TOPICS : Are gambling luck and sporting feat the same?

Anil Kumar Sinha:

On January 14, the finance minister briefed the country on the promulgation of the new Finance Ordinance for the rest of the current financial year. It came into effect and was effective in writing off an iniquity that had harmful implications and had been in effect for the last three years.

In the eyes of Nepali Tax Laws, what was common between the legendry golfer Tiger Woods if he won a tournament in Nepal and a gambler who won a jackpot in a casino? The law treated both of them equally. In the previous finance ordinance it had been stated that the prize money won by a world-renowned player in any sport would be equally treated alongside the gambler who struck the jackpot. Incomes of both were treated as “incomes from a sudden event.”

The previous finance ordinance regarded the prize money as if it was a sudden gain, sheer luck, without any effort. It is less convincing that the efforts of renowned players like the one who visited Gokarna Golf Club recently should be compared with the income of a gambler where the only effort and skill required is luck. Both incomes attracted a tax of 25 per cent on gross. Was this tax originally envisaged in the prevailing Tax Laws? No. After a great deal of effort and investment from donor organisations, the new Income Tax Act 2002 came into effect from April 1, 2002. Even though it started on April Fool’s day, no one thought through all the foolish implications. The Act only included three aspects as the sources of income — the income from remuneration, business and investment. The prize money or the luck of the gambler did not fit in any of the three categories. As an afterthought, someone introduced a new source called “sudden income” not by the Income Tax Act but by the finance ordinance.

Nepal is in need of new investments and has high potential and opportunity to introduce sports tourism and invite sports lovers of all kinds. This provision is one of the worst disincentives. In the present context, the participation of a renowned player in a tournament in Nepal is more our need than in the interest of the player. Why should such players come to Nepal inviting a lot of their competitors and fans if the government wants a cut in their prize money? It was the right time to have second thoughts about seeing that sports sponsors are not burdened with additional financial liability because they invest so much to promote sports tourism. It certainly is in the interest of the country to provide incentives not tax burdens to the people who have potential to invite people from abroad to watch their games.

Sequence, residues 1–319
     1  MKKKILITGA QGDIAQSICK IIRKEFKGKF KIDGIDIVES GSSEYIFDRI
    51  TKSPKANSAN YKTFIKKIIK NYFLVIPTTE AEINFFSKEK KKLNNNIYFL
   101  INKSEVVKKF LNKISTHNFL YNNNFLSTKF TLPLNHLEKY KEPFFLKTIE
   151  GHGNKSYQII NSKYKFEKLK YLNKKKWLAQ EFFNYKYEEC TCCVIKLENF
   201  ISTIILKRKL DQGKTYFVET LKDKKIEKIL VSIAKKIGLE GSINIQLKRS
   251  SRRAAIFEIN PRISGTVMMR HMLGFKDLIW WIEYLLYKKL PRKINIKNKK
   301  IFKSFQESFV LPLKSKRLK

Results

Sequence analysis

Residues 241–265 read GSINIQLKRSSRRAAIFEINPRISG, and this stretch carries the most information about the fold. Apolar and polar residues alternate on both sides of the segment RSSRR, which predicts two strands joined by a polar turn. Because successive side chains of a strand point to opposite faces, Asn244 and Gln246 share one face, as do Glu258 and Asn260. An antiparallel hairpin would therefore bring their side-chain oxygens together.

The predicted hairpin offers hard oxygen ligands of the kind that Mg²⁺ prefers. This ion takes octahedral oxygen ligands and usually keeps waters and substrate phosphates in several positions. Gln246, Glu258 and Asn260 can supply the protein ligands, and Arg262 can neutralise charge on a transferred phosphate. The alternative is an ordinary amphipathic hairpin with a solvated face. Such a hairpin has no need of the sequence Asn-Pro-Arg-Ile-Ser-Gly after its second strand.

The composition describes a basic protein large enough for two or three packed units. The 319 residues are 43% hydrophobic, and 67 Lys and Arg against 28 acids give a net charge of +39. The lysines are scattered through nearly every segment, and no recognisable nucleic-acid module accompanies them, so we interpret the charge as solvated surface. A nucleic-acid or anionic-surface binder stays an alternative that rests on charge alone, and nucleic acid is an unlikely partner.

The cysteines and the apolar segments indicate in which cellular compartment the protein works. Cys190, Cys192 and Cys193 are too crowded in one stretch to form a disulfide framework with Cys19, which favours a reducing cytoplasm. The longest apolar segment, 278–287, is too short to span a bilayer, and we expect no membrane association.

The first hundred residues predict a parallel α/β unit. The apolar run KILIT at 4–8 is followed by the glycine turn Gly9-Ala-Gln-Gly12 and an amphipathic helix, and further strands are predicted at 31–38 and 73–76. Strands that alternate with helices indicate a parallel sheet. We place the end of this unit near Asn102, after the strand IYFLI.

Thankfully, the finance minister changed the status between the achievement of a gambler who simply “lucks out’’ and an international player who comes to play and win in a tournament of international repute. What was needed during the past was a small change in the finance ordinance that said that the tax on windfall income would be applicable to effortless windfalls. And allow those people who achieve fame, highlight Nepal and take back good memories with their efforts, to enjoy the prize money without hassles and free of tax. The new promulgation allows this and waives the tax on national and international awards in the field of literature, art, culture, sports and journalism.